But as a historical and foundational artifact, this album is so fun to have and to hold. It also deserves some forgiveness and understanding. Signed to Straight Records by Frank Zappa, the album had little input from the Mothers of Invention leader. The cover artwork comes from a painting which used to hang in the Zappa family home. Frank was hardly present in the studio, preferring to leave his brother in charge — who managed to record the band rehearsing and running through songs intended for the album. This, along with a live performance of the Interstellar Overdrive-inspired Levity Ball, is what was released.

So when you listen to the record, pretend you’re a producer. You’ll find parts which work and parts which do not. There are sequences which you may wrestle with as the band to try to reproduce, and others you’ll forbid them from doing anywhere near a microphone. That’s how you listen to this record — as a fly on the wall. “Here’s what you have to work with.” Sadly, nobody really did that until Ezrin came along. Don’t worry, it all worked out. They’re in the Rock And Roll Hall of Fame, eh.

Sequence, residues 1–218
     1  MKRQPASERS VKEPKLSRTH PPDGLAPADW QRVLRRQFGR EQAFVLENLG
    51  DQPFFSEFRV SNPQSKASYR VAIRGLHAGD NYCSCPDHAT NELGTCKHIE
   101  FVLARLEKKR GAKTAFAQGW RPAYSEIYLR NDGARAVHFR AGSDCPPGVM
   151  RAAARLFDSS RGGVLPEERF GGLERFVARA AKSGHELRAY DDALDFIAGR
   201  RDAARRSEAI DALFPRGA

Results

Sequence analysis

It opens with the instrumental Titanic Overture, which is fine, but not much of a statement. It’s short, at least. On any caring person’s album, this should be followed up by a tight, banger. But not here. Instead we’re treated to the horseshit 10 Minutes Before The Worm. It’s basically a minute long, annoying psychedelic thing — poorly executed. It’s whimsical, but not “ye olde” whimsical (no gnomes).

Next up is the epic (almost six-minute) Swing Low Sweet Cheerio. This one has lots going on — acoustic and electric guitar, and — verses! It’s kind of like a San Francisco song of the previous few years. A concert song, but not really a great album track. It’s very busy and not at all catchy. The best thing I can say about it is this is one of the few songs which hints of the theatrical cool stuff to come on Killer in three years. Oh, and it has a harmonica solo. I love when Furnier plays harp.

Today Mueller comes after. It’s a little bit reminiscent of pre-fame David Bowie. The first song with a hook. Short, and with a barrage of awful backing vocals which fill your ears like a squirt gun. Annoying, jarring and brief — but done in a spirit of fun.